The influence of droplet characteristics on the atmospheric corrosion of zinc was investigated using a multi-microelectrode approach. Arrays of close-packed zinc wires, 500 µm in diameter, were coupled such that the net anodic and cathodic current flowing through each electrode interface was measured as a function of time. Droplets in the range of 1-10 µL placed onto the array showed that electrochemical fields are immediately established and can remain unaltered for significant periods of time. The total charge passed was found to be almost identical for 0.6 M NaCl droplets of varying size when compensating for the electrolyte-zinc contact area, however significant differences in current exchange were observed when varying electrolyte concentration. In contrast to studies on other metals, the highest rates of zinc corrosion, as measured by the microelectrode array, did not occur during drying cycles. It was observed that the initial wetting and subsequent holding at high relative humidity led to the highest measured currents. Corrosion damage during drying cycles, however, appears to be enhanced for large droplets with high contact angle and increased electrolyte concentration. The importance of these observations to the modeling of atmospheric corrosion has been discussed and future developments of the technique are outlined.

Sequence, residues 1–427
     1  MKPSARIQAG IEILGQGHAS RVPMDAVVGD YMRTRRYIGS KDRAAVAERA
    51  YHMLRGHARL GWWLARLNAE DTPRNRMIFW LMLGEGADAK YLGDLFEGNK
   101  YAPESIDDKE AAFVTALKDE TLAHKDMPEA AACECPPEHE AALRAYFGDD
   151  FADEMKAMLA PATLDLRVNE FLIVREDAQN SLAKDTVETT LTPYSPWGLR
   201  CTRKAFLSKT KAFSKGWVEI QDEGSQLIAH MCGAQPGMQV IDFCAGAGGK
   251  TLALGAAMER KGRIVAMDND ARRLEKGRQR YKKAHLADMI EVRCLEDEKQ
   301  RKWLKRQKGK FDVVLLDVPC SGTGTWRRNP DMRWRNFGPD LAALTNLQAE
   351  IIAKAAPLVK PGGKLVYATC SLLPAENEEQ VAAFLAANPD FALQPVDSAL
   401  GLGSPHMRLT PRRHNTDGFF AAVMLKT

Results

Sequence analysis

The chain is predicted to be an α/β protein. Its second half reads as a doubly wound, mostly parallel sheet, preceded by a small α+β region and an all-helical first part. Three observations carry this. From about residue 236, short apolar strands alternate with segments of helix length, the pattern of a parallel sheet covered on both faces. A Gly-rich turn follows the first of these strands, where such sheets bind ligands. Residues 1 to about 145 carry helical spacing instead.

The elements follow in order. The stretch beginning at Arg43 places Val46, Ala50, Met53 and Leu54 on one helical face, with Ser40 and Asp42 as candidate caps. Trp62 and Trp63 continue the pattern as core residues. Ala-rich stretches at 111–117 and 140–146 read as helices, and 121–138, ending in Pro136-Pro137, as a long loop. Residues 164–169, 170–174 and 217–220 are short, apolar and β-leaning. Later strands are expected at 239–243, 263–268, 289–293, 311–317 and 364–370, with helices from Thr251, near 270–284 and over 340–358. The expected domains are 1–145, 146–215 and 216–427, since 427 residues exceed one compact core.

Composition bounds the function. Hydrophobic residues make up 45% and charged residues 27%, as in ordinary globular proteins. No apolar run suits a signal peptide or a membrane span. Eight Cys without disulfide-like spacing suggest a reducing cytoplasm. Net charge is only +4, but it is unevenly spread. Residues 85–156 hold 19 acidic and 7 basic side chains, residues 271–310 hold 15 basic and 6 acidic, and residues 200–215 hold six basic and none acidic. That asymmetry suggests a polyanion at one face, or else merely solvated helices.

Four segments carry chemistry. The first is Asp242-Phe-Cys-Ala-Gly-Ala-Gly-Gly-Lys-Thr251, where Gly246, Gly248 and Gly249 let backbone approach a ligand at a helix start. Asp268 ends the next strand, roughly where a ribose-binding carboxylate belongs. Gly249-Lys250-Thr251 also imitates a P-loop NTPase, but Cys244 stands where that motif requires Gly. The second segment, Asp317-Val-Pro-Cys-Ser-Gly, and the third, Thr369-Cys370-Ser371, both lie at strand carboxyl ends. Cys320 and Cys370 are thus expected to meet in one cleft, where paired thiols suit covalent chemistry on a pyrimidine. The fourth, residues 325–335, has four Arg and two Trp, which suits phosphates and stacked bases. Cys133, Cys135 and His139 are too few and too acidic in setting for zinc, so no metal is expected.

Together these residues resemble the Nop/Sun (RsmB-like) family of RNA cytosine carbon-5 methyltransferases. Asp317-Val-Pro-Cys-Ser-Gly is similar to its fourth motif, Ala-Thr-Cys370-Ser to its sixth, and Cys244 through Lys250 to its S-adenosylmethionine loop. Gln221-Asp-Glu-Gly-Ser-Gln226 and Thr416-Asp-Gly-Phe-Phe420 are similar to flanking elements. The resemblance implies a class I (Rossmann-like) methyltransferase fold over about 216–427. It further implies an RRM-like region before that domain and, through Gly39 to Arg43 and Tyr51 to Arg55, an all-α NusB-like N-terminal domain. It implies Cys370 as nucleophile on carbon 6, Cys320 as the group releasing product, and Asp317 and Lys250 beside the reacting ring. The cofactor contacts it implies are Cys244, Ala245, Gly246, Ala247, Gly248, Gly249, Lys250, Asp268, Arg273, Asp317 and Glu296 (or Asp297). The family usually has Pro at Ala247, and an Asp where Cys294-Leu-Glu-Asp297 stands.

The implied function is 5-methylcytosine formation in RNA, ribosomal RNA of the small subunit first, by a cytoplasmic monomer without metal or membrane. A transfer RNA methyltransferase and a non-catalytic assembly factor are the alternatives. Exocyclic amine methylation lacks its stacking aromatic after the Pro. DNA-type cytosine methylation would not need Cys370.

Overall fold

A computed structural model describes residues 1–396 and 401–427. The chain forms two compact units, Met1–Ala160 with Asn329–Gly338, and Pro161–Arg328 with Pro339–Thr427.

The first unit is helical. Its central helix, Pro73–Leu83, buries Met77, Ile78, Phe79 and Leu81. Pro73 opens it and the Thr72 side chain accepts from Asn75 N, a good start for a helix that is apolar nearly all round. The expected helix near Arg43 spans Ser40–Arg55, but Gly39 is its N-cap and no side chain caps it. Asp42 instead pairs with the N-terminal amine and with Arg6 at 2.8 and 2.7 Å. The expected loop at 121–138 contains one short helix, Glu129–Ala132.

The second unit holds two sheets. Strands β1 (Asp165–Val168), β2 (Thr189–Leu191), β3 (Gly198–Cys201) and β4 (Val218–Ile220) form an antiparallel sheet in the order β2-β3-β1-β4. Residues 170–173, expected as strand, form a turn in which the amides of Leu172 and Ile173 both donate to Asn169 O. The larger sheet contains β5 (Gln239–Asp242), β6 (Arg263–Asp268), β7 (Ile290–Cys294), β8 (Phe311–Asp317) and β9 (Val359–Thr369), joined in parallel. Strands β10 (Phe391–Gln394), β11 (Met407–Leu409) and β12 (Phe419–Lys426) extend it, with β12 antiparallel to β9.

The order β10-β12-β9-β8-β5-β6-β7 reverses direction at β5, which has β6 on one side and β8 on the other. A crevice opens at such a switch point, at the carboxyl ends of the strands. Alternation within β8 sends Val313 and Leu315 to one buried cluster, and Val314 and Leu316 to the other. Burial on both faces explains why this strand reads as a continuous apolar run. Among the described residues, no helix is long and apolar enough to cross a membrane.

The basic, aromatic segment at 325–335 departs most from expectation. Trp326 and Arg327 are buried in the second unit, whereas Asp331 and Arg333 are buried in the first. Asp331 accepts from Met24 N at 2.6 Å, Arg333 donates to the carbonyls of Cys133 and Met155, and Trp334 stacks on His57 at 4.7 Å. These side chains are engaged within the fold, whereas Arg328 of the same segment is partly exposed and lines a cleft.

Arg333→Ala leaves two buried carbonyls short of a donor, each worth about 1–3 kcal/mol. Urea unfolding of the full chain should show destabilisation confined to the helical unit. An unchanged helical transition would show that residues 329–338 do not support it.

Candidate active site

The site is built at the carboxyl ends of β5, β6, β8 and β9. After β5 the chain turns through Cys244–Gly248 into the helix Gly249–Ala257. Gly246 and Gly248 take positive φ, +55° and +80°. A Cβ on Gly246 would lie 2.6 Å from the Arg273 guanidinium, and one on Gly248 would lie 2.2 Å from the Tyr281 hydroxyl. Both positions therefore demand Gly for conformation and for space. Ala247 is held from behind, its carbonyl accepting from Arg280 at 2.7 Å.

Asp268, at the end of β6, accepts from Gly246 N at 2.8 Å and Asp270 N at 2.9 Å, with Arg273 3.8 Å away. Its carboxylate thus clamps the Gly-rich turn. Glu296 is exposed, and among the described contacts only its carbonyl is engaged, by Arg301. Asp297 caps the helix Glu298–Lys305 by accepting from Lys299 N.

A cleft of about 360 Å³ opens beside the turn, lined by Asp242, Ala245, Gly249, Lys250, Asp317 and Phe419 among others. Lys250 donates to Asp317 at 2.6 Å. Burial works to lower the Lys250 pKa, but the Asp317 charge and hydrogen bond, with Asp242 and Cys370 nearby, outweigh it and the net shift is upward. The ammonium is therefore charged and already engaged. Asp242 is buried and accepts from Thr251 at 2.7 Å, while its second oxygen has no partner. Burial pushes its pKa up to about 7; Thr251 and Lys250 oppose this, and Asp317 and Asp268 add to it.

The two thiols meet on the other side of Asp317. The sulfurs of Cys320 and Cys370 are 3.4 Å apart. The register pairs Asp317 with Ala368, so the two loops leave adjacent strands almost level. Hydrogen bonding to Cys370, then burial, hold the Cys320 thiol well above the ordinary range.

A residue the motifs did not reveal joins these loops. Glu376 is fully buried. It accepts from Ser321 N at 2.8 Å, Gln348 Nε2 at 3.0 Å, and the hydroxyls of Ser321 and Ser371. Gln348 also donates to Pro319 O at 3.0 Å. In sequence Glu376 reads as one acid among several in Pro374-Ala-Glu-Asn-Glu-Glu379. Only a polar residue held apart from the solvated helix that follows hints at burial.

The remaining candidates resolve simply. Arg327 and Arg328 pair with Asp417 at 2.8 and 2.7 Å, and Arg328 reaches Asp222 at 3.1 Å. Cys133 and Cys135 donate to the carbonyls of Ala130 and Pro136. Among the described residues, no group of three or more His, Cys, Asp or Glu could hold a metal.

Muster, T.H., A. Bradbury, A. Trinchi, I.S. Cole, T. Markley, D. Lau, S. Dligatch, A. Bendavid, P. Martin
1866 - 1873